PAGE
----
Namibia: High-risk rating a blow to tourism

Tourism and hospitality players say that designating Namibia as a high-risk destination is a huge blow to a sector already struggling due to the uncontrollable levels of new infections and deaths of Covid-19. The Centers for Disease Control (CDC) has issued a travel warning for travelers to Namibia due to the surge in Covid-19 cases, putting the country under its fourth alert level.

The Chief Executive of Namibia Tourism Board (NTB) Digu // Naobeb yesterday described the rating as a huge blow to an already battered industry.

“It is a major blow and a catastrophic setback for the tourism industry, and indeed for Namibia whose economy is closely linked to a larger tourism landscape. The long-term cumulative impact will be the loss of income, foreign value, jobs and more distressed businesses that may be forced to close shop,” Nayob said.

The CDC uses Travel Health Notices (THNs) to alert travelers and other publics about health threats around the world and to provide advice on how to protect themselves.

On November 21, 2020, the CDC adapted its three-tier notification system to a four-tier system for Covid-19 and the updated criteria used to determine THN levels.

Against this, the Centers for Disease Control and Prevention has classified Namibia under Alert Level 4, which means the country has a “very high level of Covid-19”.

The Hospitality Association of Namibia (HAN) warned last week that the country could be categorized as a high-risk destination due to rising Covid-19 cases and a slow vaccination campaign due to apathy to vaccines.

HAN CEO Gitta Paetzold said that this alone is already leading to cancellations in the system from July to September, which is currently a cause for significant concern in tourism.

She explained that while cases of Covid-19 in Namibia were expected to rise during the winter, as this has been the trend around the world, the current rate of increasing numbers is really alarming.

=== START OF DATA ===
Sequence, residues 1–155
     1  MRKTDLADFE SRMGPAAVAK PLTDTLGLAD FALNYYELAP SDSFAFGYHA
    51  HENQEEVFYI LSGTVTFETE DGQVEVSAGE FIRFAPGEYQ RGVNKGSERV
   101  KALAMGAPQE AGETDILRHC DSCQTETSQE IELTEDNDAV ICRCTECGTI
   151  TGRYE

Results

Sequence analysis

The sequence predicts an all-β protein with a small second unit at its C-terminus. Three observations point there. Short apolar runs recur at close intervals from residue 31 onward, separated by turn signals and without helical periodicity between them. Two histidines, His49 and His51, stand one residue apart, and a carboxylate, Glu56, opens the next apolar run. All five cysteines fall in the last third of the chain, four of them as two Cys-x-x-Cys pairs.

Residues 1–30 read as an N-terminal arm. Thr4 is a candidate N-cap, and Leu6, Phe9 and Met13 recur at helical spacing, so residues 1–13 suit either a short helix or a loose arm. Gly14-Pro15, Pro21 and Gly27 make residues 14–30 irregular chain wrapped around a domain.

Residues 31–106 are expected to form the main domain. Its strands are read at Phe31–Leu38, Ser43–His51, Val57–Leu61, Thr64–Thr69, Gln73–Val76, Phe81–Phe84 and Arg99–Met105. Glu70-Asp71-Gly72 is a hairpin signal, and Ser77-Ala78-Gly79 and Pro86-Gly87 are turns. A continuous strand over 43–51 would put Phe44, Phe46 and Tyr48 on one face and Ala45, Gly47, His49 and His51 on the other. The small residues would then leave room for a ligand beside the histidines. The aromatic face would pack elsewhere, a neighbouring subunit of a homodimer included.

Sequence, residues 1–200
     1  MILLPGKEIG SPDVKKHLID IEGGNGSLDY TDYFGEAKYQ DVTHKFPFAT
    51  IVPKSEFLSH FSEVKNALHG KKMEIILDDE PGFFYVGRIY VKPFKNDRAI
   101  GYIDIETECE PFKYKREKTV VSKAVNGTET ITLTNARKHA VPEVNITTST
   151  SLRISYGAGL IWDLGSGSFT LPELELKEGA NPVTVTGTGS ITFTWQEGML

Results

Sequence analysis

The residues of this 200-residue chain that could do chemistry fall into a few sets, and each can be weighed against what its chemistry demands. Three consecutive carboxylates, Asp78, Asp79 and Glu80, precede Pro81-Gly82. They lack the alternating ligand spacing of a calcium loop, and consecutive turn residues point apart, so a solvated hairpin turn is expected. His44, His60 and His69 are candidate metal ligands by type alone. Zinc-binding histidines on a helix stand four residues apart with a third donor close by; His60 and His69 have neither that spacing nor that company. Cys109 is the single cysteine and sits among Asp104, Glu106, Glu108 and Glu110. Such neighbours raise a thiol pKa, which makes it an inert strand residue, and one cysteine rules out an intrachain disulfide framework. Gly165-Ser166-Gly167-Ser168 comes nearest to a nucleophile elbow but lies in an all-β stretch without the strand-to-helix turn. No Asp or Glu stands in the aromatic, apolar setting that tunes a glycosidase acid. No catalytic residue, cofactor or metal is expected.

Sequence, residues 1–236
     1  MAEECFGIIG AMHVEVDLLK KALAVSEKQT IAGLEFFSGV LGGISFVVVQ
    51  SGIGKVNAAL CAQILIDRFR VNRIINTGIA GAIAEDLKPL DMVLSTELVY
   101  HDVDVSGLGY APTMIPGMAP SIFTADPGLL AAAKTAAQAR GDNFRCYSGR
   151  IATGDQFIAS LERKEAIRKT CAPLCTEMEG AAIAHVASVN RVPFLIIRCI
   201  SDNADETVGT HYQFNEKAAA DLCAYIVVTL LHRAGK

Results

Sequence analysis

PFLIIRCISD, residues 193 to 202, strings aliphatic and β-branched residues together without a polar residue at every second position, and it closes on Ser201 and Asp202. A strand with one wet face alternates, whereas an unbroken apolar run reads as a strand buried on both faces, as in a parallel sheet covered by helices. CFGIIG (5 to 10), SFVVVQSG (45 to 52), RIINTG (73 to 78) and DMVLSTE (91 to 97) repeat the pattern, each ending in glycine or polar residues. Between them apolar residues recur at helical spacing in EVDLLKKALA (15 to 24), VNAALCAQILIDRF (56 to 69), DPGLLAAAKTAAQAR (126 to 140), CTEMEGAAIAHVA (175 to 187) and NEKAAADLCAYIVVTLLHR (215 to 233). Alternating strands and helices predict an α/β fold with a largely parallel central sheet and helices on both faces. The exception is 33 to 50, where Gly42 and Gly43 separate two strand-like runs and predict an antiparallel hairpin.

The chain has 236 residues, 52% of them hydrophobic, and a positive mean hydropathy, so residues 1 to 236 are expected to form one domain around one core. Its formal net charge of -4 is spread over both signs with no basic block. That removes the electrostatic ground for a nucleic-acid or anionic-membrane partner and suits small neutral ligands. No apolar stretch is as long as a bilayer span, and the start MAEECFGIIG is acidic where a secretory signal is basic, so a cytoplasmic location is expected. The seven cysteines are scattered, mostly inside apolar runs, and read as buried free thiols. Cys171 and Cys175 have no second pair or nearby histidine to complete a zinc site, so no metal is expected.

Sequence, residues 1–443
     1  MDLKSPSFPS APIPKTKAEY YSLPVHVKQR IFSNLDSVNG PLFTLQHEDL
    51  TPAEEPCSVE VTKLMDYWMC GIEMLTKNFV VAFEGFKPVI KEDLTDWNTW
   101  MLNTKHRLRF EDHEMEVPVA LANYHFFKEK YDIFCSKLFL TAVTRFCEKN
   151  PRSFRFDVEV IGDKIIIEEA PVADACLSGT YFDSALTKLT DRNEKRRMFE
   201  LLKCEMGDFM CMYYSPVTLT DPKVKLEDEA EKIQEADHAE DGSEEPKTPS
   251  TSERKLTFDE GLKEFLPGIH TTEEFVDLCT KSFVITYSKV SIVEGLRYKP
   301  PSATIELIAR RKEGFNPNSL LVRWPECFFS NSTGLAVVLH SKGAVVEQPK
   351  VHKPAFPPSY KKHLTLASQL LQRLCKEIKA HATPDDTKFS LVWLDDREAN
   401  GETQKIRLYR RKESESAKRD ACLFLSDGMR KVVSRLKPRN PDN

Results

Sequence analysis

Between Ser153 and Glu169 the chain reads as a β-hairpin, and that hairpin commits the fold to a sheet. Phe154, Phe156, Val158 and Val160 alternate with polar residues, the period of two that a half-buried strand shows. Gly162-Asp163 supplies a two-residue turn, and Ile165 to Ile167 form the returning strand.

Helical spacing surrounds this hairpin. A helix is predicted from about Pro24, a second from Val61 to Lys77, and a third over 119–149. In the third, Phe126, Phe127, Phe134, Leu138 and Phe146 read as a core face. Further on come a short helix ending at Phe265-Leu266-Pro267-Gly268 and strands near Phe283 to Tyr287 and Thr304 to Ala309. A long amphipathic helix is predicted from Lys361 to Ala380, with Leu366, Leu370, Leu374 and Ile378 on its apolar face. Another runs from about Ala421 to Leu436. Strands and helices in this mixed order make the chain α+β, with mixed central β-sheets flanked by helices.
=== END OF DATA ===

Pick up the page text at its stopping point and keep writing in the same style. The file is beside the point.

“The authorities base their travel restrictions and warnings on the findings of medical research institutes such as the CDC and RKI in Germany, who look at a country’s ‘per capita infection rate’ to determine the severity of the epidemic, an average maximum risk standing at 100 per 100,000,” Paetzold noted. .

Currently, Namibia’s average is above 160, which has pushed the country into risk-taking mode.

Another critical factor is the capacity of health facilities and services, and Namibia also faces huge challenges in this regard.

HAN advises that the only way to limit the situation is for everyone to take responsibility in terms of adhering to rules such as social distancing, mask wearing and sterilization.

“The key to the health and safety of all of us is that we all contribute to strengthening our immune system, through healthy living, vitamin C and D and responding to the government’s call for vaccination. We have that in our hands, individually and as a nation, to get through this crisis,” Patzold encouraged.

Although the NTB is not calling for a complete shutdown, // Naobeb urged a more coordinated campaign using leaders and influencers who have somehow been infected with Covid-19 to tell their stories even though they may be seen as too sensitive and emotional to help mobilize the vaccination campaign .

“Sure, vaccination is not bulletproof but it helps greatly in mitigating and mitigating the negative effects of Covid-19 and thus saving lives and helping to enhance the image and reputation of the country, which is now viewed negatively. This will help revive tourism” initiatives to address its depressing impact. Let’s come together and move in the right direction.”

In October last year, Germany listed Namibia as one of the high-risk destinations for coronavirus that tourists should avoid.